Master of Physician Assistant Studies (MPAS)
Fort Collins, CO
Integrative Physiology, minor in Ecology and Evolutionary Biology, certificate in Public Health from University of Colorado Boulder.
What clubs and activities are you currently involved with?
Student Diversity Task Force- PA Representative, PA 2022 Class Council- Diversity Representative, OB/GYN club, and STIGMA club.
What initially brought you to RVU? Why did you decide to pursue this degree?
I spent a handful of years during and after undergrad exploring a variety of different healthcare roles, from a pharmacy assistant to a pathology lab intern, then onto global health extension officer and clinical research coordinator. My favorite aspects of each experience seemed to fit perfectly into the responsibilities of a PA: autonomy to diagnose and treat patients with ample time to connect with them about their healthcare and health education needs. I was drawn to the RVU PA program specifically because of their focus on holistic competency-based, team-based learning in order to form truly well-rounded, collaborative, and compassionate PAs.
What do you enjoy doing when not at RVU (family life, interests, and hobbies)?
I really enjoy the fresh mountain air, so I will take any excuse to go camping, hiking, backpacking, etc. I unwind by playing music and often spend my 10 minute breaks between online classes playing guitar or keyboard. You’ll often find me at a park playing pick-up sports/games with friends and family. I also make a point to read and stay current on social issues, especially as they relate to the medical field.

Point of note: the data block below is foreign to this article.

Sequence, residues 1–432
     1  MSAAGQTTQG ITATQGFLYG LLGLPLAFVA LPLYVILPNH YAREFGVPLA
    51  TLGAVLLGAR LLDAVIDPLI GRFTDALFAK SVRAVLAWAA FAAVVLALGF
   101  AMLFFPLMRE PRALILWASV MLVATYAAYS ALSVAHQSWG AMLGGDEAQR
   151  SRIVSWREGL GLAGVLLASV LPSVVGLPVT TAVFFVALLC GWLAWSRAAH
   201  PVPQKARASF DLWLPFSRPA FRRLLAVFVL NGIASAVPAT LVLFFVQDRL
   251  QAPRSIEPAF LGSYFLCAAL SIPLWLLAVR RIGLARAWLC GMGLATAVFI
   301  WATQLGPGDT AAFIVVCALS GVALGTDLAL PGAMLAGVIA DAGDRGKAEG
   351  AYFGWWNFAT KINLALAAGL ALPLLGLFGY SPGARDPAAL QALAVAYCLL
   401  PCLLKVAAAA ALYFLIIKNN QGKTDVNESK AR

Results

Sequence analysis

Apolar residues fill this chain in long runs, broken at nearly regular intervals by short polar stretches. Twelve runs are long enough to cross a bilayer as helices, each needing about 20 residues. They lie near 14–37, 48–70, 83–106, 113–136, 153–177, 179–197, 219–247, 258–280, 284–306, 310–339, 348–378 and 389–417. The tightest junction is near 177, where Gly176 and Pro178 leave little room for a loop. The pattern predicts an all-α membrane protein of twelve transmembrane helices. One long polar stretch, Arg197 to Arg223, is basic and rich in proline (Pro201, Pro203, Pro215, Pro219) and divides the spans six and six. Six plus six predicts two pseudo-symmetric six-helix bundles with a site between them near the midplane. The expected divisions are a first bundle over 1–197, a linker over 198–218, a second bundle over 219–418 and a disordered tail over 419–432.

What is an interesting or little known fact about you:
I am conversational in Swahili because I lived and worked in Tanzania for two years with the United States Peace Corps. Ninaweza kuongea Kiswahili kwa sababu niliishi Tanzania kufanya kazi kwa miaka miwili na Peace Corps ya Marekani.
What is the best piece of advice you have been given by a professor or student while at RVU?
I was encouraged early on in my didactic year to “keep an eye on the bigger picture,” and it has become my motto. We will all have bad days: lower-than-expected test scores, difficult assignments, enormous amounts of course material, a complicated standardized patient that did not go as planned, etc. It’s important to remember that these challenging experiences are molding us into compassionate and competent healthcare providers, and we are growing tremendously through the program both personally and professionally. We must have grace for ourselves, especially on our bad days.
What are your medical interests?
I am interested in women’s health, behavioral health, family medicine, and internal medicine, though I am excited to explore more specialties during my upcoming clinical rotations.
What is a favorite memory you have from being in RVU?
My favorite memory thus far is being a part of the Inaugural Summit for Diversity, Equity, and Inclusion, which was a 4-part series with guest speakers from across the country to discuss common injustices in the field of medicine and how the RVU community can improve its advocacy. It was inspiring to see RVU students, faculty, and staff come together to have incredible discussions about how to foster a culture of inclusion in our future practices, at the university, and in the medical field at large.
What advice do you have for prospective students?
When I was a prospective student, I wished someone reassured me that admission into PA school is not entirely about looking like the perfect PA student on paper. There is no one true path to PA school. As long as you are genuinely building your skills and life experiences in your preparation for school, you will go far. Focus on what you are learning from each job, shadowing, and volunteer experience. If you have something to show for it on your application and in your interview, do what you are passionate about and don’t be afraid to explore the field. You may even stand out more in the stack of applications in your experiences are unique and authentic.